But in this case, in that moment, forcing myself not to obviously flip Aiden off was a lot harder than normal.

It was one thing for him to ignore me when I tried to be playful with him, or when I said “good-bye” or “good morning,” but for him to act that way with me in front of other people? I mean, he wasn’t exactly a teddy bear on the best of days, but he usually wasn’t a model for Asswipe & Fitch. At least, not when we were around other people, which was rare.

One, two, three, four, five. I had this.

I raised my eyebrows and beamed over at him like nothing was wrong, even though I was pretty much seething on the inside, and wondering how to give him diarrhea.

“What the fuck is his deal?” Christian muttered under his breath as I settled the camera back into its case, and then into my bag. I couldn’t decide whether to leave as quickly as possible or stay where I was because he was out of his damn mind if he thought I was going to do his bidding when he talked like that to me.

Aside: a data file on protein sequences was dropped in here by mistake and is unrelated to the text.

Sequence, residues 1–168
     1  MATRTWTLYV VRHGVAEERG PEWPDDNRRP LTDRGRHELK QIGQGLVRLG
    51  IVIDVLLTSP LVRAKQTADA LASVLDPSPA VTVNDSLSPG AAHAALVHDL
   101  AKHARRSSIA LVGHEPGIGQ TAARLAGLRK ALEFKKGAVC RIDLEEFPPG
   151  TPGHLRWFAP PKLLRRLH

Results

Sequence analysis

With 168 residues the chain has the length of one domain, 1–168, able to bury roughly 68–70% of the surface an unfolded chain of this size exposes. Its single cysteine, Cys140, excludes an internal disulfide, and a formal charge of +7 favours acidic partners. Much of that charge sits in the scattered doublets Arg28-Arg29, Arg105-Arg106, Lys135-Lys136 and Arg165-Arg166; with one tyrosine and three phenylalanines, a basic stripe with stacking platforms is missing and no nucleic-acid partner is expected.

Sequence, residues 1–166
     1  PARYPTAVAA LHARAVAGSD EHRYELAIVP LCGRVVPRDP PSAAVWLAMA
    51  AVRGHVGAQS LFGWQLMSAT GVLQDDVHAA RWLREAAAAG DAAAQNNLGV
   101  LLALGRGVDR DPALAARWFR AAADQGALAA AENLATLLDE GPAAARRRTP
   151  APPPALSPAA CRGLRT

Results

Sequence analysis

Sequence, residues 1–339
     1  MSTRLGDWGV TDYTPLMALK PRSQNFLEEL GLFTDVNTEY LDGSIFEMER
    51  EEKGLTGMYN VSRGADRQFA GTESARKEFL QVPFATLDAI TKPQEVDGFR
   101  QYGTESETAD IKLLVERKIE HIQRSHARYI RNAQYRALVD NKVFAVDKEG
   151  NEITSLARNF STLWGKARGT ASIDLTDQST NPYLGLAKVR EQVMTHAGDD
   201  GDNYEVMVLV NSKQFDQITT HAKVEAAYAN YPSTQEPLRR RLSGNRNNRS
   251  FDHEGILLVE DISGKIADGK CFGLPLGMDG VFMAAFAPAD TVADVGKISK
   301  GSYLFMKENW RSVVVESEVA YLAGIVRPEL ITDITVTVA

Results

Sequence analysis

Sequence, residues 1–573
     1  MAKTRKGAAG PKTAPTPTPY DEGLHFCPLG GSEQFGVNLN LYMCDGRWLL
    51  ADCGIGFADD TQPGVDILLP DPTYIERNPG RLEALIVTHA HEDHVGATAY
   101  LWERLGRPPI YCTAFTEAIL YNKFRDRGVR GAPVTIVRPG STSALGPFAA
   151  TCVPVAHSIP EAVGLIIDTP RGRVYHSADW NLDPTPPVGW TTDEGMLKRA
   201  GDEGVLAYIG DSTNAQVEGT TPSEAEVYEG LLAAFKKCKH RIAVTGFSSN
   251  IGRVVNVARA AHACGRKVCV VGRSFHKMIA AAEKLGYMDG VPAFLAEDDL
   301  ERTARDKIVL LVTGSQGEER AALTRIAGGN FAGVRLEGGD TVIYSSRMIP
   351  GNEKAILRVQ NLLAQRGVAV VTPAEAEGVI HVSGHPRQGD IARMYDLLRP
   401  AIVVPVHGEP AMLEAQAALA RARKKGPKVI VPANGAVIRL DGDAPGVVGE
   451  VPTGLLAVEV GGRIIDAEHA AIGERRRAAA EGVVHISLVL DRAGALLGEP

The reminder that I didn’t need to take his crap anymore hit me right between the eyebrows, and my shoulder blades. I could take him being aloof and cold. I could handle him not giving a single crap about me personally, but embarrassing me in front of other people? There was only so much you could forgive and ignore.

One, two, three, four, five, six.

“Is he always like that?” Christian’s voice jump-started me out of my thoughts.

I shrugged a shoulder, conscious not to put my foot in my mouth in front of someone who was practically a stranger even though said man wasn’t exactly on my list of people I would pull out of a burning building at the minute. “He’s a good boss,” I let the bland, forced compliment out, getting to my feet. “I don’t take it personally.”

Usually.

“I need to get going anyway. See you,” I said as I slipped the strap of my bag over my shoulder and picked up the insulated bag with the big guy’s food inside.

“I’m sure I’ll see you soon,” he noted, his tone just a little too bright, too fake.

I nodded before noticing Aiden taking a knee on the turf, staring over with a perfectly impassive expression on his face. Fighting the uneasy feeling I got from him practically telling me to scram, I went to stand on the other side of the tire. He was sweaty, his T-shirt clinging to the muscles of his pectorals like a second, paler skin. His face was tight, almost bored—so basically the norm.